Last week was California Invasive Species Action Week. Guest authors Tunyalee Martin, with the UC IPM Program, and Gene Miyao, farm advisor, describe a parasitic plant that has been found in the Delta. Help in the fight against invasive species by learning more about California Invasive Species Action Week.
Watch out for parasites! Wait, in my tomato field?
Broomrape has quite a rap sheet. Egyptian broomrape, whose first detection in the U.S. in 2014 was in California, is on the federal noxious weed list. Branched broomrape is on the California noxious weed list (A rating = eradication, containment, rejection, or other holding action); on the federal noxious weed list; and is listed as noxious in 10 other states. Broomrape has the potential to damage many economically important crops in California including bell pepper, cabbage, carrot, celery, eggplant, legumes, melons, potato, tomato, and sunflower.
The California Department of Food and Agriculture describes branched broomrape as “terrible” and justifies the A rating because it: 1) could establish itself widely in California, 2) can parasitize many plant hosts (both agricultural crops and many common agricultural weeds), 3) produces many tiny seeds (over 100,000 and only 0.3 mm long) that can easily disperse, 4) has a high potential to harm commercial agriculture, and 5) could also harm rare or endangered wild plants.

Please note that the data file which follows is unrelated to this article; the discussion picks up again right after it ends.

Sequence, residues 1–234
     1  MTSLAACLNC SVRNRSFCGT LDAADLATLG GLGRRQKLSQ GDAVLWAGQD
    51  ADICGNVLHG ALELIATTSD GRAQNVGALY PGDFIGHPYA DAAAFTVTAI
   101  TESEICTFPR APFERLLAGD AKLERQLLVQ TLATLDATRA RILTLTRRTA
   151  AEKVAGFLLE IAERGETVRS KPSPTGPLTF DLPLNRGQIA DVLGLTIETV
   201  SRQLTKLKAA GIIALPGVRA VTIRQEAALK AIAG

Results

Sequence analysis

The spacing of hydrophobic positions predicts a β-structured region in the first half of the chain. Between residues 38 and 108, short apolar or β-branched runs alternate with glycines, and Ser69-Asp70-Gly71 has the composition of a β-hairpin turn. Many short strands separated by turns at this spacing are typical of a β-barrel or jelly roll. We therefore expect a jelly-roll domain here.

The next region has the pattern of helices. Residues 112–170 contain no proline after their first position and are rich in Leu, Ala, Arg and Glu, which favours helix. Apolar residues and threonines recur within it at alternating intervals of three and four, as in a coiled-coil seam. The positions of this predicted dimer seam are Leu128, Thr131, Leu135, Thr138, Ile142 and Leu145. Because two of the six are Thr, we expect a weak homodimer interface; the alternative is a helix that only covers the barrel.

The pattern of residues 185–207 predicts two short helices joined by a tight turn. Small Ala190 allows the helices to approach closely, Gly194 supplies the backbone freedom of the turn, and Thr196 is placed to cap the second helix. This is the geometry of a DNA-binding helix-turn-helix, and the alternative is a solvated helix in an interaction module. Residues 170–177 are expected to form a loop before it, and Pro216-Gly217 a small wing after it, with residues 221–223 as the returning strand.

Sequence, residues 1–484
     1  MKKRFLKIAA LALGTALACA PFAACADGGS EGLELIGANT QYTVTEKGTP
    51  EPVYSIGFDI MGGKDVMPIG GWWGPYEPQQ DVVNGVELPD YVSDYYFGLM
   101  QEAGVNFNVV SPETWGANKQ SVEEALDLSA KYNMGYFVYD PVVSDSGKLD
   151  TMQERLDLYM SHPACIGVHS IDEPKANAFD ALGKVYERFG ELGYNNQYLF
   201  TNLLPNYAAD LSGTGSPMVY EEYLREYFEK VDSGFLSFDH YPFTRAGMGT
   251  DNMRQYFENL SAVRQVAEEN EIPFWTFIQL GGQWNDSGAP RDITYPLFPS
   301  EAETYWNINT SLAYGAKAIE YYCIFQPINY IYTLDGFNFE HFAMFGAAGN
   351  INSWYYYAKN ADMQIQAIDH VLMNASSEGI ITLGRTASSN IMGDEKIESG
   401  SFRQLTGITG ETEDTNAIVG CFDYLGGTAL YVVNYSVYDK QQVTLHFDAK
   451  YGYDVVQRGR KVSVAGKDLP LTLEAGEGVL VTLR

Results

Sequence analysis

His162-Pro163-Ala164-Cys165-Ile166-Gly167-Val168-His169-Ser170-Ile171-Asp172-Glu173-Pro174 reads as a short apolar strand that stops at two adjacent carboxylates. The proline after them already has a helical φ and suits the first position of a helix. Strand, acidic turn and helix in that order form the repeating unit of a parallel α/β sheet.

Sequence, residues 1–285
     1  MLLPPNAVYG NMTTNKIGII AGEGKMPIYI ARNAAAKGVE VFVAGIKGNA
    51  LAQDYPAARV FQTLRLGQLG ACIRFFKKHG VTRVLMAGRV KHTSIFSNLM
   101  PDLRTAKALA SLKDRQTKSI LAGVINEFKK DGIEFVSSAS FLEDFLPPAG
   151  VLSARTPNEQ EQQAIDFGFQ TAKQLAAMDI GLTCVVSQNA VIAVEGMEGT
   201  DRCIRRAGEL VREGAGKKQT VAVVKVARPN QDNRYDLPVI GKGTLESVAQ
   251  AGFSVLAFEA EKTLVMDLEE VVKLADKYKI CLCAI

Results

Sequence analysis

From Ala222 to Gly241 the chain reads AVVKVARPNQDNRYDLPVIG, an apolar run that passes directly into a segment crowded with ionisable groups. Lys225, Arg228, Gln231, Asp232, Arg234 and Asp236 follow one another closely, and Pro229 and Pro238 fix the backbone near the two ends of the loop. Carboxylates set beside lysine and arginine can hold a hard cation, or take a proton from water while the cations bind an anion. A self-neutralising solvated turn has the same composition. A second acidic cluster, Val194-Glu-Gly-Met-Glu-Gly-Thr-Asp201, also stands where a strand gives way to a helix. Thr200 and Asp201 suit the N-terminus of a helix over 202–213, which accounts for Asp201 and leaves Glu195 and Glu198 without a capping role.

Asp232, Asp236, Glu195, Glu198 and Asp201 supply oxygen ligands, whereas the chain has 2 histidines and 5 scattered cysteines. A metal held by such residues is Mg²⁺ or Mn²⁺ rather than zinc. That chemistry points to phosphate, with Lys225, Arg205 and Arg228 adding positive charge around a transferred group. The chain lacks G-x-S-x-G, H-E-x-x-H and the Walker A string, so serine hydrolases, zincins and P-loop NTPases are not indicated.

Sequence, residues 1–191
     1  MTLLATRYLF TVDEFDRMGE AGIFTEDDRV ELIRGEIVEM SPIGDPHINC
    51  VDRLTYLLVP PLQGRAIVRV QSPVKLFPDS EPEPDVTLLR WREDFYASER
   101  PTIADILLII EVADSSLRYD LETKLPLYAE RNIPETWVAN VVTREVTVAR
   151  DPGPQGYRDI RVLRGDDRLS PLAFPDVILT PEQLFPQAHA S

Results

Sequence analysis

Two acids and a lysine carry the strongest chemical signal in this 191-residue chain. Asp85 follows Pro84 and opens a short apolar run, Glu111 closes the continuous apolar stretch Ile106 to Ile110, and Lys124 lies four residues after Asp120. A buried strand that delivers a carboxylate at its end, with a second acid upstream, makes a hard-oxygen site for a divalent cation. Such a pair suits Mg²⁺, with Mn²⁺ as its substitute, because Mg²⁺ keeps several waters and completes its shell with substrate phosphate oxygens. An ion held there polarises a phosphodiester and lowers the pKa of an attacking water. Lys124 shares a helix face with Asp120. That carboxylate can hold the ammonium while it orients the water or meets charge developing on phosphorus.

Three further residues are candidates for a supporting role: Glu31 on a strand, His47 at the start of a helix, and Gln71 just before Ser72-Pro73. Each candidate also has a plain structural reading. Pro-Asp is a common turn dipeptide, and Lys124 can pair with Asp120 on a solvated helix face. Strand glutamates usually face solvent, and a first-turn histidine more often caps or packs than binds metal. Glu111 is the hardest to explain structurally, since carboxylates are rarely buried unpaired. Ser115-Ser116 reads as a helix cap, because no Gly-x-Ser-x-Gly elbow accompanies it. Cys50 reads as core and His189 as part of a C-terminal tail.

As a parasitic plant, broomrape acquires the nutrients and water it needs from the host plant. You might observe symptoms of stunting or yellowing in your crop plants, but broomrape grows and attaches underground, and the only part of broomrape that you may observe above ground are the flower spikes.
If you see this pest, contact your local agricultural commissioner, or for identification, your UC Cooperative Extension office. Use certified seed and clean nursery stock.
USDA-APHIS factsheet for Egyptian broomrape
UC IPM Weed Gallery for branched broomrape
CDFA Pest Rating for branched broomrape